time. But I thought it would, as the market developed, and I could get
on a soapbox so to speak—
Sean Daily: umm-hmm
Gerald Prolman: That I get the message out there. What a lot of
people don’t know, that many cases, fifty to a thousand times more
chemicals that are legally allowed on foods are used on flowers.
Sean Daily: Wow, that’s a lot…
Gerald Prolman: Yeah, and today about seventy percent of all the flowers you see in America are imported.
Sean Daily: Really?
Gerald Prolman: And the only requirement, upon importation, is that
they arrive to our borders pest free. So the import laws themselves
encourage the use of harsh chemicals.
Sean Daily: Interesting.
Gerald Prolman: And so flowers are just typically grown with many
strong chemicals and these chemicals can negatively affect the
environment, the farmworkers who are handling the flowers, the
wildlife, and ecology. So I thought there would be a need for a
company that arranged for flowers to be grown by responsible methods.
Sean Daily: Yeah, and the flowers aren’t getting nuked with chemicals
to the point of being harmful to the people that are purchasing them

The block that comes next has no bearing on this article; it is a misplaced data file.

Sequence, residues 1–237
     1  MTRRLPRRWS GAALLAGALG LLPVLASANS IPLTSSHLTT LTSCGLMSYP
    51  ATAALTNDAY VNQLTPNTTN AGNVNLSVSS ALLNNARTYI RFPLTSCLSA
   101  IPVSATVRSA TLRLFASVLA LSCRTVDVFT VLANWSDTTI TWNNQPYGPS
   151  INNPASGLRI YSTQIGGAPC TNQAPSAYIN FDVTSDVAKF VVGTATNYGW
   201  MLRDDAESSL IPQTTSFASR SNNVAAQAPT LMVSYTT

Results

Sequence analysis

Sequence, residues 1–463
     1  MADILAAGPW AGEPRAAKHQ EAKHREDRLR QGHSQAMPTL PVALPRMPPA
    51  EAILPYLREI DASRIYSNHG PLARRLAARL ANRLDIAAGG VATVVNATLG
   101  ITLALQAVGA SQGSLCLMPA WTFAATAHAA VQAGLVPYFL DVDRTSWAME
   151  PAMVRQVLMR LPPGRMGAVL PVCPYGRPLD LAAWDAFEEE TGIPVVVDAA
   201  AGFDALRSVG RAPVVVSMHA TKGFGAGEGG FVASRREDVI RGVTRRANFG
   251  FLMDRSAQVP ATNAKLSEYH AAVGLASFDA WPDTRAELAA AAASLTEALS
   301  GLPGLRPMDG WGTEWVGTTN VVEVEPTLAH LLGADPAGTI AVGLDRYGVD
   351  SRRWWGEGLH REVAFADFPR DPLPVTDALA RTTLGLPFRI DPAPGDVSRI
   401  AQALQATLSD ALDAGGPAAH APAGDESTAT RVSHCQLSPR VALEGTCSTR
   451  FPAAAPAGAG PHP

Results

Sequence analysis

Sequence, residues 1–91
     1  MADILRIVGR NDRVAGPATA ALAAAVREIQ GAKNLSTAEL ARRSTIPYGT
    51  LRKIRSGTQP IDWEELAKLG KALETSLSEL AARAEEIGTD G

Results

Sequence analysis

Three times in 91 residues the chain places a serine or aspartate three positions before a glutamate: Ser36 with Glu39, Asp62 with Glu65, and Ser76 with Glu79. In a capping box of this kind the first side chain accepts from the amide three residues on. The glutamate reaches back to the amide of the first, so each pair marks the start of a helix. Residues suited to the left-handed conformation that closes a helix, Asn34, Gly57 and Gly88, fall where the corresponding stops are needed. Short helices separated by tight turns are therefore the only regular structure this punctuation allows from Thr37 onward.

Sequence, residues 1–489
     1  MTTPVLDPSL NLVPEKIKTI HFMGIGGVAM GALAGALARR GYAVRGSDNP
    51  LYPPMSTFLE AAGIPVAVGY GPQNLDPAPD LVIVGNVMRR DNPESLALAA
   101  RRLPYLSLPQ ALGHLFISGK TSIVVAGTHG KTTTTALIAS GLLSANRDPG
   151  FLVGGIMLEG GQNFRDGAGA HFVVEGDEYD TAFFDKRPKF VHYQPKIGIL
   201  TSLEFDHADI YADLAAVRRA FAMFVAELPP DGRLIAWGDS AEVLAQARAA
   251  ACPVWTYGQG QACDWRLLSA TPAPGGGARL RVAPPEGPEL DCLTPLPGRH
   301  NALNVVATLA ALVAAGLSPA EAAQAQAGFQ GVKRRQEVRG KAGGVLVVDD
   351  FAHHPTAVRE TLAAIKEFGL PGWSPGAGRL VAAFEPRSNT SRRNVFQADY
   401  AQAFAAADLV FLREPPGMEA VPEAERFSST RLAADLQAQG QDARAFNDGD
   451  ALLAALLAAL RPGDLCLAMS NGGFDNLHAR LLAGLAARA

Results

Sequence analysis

and handling them, you know that certainly makes sense. So, then, so
bring us forward to that. Obviously you have had some success with
Gerald Prolman: Well–.
Sean Daily: Go ahead
Gerald Prolman: Well, I can tell you this. I didn’t really realize
how hard this was going to be. I thought that—the idea for the company
was to begin with flowers and then expand pretty quickly, within, I
thought, the first year to other eco-lifestyle products. Artisans,
fair-trade, craft, and again direct from the producers to consumers.
And given my background in the world of organic produce I thought this
was going to be easy, but I was not correct about that assessment, this
was very hard. And when I started this business, I like to say that,
we began there were no commercial supplies of organic flowers, so there
was no supply, there was no demand, people didn’t know why we need
organic flowers, and we didn’t have any money. So, no supply, no
demand, and no money that’s how we started. And today I am very proud
to say that we have a hundred-thousand dollars worth of sustainably
grown flowers in the Pipeline and the demand for all things eco are–is
at an all time high now. And we were, over time, through angel
investors and people who really cared, to support this vision which has
now grown into quite an enterprise that we’re all quite proud of.
Sean Daily: Now, that’s great to hear. Now, I’m just curious, how
have you guys fared against the sort of knee-jerk reaction that people
have to go to vendors like 800-flowers, or whoever, FDD network of
florists. How have you guys fared, is it still a niche market or are
you hitting really the mainstream audience with whatever search engine